Physicians have made some progress in addressing this epidemic. The latest figures from the American Medical Association show that the total number of retail-filled prescriptions for all opioid analgesics in Colorado decreased 13.3 percent between 2013 and 2016, from 3.7 million in 2013 to 3.2 million in 2016. And use of the Prescription Drug Monitoring Program (PDMP) in Colorado nearly tripled from 680,000 searches in 2014 to 1.5 million in 2016.
However, there is still a huge educational gap for making better prescribing decisions. Safe opioid prescribing is about understanding how to assess the person with chronic pain, including past medical history, past treatments for pain, what worked best to improve their function and what didn’t, imaging, other chronic conditions – both physical and mental, physical examination findings, and more. Safe opioid prescribing is also about making as specific a diagnosis as you are able based on the data you obtain, understanding what medications are available for the condition you feel you are treating and are appropriate for different types of pain, and then helping your patient select the safest regimen for their specific circumstances.
This may mean that opioids are not an option or that the opioids they request and the Valium they are already taking are incompatible and you cannot support that regimen. I urge all physicians to obtain the training needed to help strengthen your communication skills. In addition, I strongly encourage you to obtain a DATA 2000 waiver that allows you to prescribe buprenorphine (ex. suboxone) to treat opioid use disorder if and/or when it begins. It can also be helpful for some chronic pain indications.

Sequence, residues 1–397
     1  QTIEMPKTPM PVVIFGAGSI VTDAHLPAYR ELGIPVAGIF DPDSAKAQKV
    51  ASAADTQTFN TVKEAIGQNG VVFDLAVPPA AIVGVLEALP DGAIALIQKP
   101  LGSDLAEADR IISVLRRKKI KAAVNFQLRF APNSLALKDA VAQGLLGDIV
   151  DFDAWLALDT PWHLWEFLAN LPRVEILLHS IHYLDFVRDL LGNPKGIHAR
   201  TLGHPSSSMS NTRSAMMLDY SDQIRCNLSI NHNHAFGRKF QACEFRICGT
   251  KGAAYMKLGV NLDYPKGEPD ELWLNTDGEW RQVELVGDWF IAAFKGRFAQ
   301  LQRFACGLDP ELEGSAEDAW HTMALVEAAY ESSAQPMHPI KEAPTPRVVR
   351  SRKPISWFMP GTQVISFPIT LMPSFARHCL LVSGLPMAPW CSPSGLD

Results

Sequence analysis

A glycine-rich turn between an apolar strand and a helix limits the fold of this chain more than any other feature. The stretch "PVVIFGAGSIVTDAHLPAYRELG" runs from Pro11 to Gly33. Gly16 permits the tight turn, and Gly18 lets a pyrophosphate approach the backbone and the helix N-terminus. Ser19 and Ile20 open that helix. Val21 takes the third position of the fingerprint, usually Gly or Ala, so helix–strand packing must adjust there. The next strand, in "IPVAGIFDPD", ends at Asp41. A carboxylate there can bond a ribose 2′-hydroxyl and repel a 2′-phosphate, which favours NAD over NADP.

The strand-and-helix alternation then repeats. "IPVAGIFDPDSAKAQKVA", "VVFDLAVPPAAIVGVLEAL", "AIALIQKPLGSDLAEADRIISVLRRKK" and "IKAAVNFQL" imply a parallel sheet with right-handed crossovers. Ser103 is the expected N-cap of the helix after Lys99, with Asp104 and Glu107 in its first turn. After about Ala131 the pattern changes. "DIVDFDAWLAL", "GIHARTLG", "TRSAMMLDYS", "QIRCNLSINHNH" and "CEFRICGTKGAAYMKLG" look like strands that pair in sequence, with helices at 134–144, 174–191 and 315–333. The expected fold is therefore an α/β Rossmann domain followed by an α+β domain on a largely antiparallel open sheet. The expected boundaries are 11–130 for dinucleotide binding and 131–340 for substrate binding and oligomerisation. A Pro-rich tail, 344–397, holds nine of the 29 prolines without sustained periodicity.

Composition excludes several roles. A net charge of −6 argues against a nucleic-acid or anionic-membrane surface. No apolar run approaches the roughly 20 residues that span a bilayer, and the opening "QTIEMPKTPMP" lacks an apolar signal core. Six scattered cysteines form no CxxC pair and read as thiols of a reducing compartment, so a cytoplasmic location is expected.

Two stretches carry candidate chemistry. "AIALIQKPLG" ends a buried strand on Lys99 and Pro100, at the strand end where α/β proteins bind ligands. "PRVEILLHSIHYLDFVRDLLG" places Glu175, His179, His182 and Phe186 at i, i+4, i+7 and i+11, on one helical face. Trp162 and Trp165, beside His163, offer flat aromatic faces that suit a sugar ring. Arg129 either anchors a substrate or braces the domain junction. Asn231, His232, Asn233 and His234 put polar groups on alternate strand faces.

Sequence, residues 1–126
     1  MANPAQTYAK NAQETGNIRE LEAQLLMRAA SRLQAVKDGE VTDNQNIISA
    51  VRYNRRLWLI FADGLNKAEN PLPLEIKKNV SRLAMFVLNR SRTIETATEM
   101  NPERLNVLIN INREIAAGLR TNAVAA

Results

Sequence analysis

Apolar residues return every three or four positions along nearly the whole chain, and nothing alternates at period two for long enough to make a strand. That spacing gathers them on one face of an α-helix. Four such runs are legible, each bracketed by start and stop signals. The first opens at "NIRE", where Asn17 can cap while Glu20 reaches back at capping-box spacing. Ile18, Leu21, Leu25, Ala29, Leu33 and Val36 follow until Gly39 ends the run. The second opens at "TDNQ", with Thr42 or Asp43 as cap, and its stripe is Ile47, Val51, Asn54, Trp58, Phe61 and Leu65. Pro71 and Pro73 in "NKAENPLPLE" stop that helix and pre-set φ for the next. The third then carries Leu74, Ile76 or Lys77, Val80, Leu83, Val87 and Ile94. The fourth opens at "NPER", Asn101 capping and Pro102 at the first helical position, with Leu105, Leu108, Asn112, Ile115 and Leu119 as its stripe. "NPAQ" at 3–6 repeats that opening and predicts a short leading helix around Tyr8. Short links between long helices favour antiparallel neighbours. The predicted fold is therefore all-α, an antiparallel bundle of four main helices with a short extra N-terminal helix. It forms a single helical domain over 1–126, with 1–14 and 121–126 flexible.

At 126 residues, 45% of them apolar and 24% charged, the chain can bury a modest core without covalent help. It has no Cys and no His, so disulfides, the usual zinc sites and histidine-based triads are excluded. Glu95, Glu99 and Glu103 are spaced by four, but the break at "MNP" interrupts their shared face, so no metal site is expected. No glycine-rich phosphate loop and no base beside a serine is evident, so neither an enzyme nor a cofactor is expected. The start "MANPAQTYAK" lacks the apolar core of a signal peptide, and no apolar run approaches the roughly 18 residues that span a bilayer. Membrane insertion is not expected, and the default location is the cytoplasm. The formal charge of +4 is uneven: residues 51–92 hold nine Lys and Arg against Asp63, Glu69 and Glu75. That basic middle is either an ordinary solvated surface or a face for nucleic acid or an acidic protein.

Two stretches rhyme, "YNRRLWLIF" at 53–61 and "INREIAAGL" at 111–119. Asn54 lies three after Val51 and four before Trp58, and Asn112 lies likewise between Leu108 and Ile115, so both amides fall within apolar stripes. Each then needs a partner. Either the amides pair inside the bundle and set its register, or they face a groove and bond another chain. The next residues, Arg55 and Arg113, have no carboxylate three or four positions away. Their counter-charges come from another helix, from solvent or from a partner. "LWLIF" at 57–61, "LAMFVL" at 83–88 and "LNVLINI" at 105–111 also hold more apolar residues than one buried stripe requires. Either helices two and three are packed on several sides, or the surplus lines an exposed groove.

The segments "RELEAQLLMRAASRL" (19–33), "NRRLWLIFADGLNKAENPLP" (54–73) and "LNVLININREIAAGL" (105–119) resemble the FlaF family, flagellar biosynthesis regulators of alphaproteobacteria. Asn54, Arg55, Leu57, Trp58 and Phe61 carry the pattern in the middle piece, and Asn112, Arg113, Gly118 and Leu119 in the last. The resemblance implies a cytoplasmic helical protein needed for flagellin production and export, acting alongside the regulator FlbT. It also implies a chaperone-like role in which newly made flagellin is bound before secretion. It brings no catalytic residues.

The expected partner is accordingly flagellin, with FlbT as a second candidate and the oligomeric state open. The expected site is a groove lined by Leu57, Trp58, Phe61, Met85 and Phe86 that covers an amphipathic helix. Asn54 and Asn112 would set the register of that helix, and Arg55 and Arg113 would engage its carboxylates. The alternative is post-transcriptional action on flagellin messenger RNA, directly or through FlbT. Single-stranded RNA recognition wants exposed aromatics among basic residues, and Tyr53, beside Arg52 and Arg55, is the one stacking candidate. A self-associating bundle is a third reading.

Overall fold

It is important to establish the parameters within which you will prescribe opioid medications to your patients and the circumstances under which you will no longer be able to prescribe them. We refer to this as a medication agreement. In the past, it has been referred to as a pain contract. I prefer the term “agreement” because it implies a mutual understanding. Again I emphasize communication skills because I don’t like the idea that there are terms under which my patient will violate their contract and thus be discharged from my practice. Sunrise doesn’t use that language with our patients. We prefer the idea that there are parameters within which we will continue with the regimen that we have agreed upon and outside of which the terms of our agreement must change.
For example, if a patient is going to use methamphetamine while taking the oxycodone that I have prescribed, I am going to insist that he or she see our behavioral health therapist for substance use assessment and attend our weekly group visits (see next page) while working to stop the methamphetamine. If not, we must treat the chronic pain with something other than an opioid. Our therapeutic patient-provider relationship is never at risk because of misuse. If anything, it is an opportunity to enhance it, to understand better the conditions with which our patients struggle.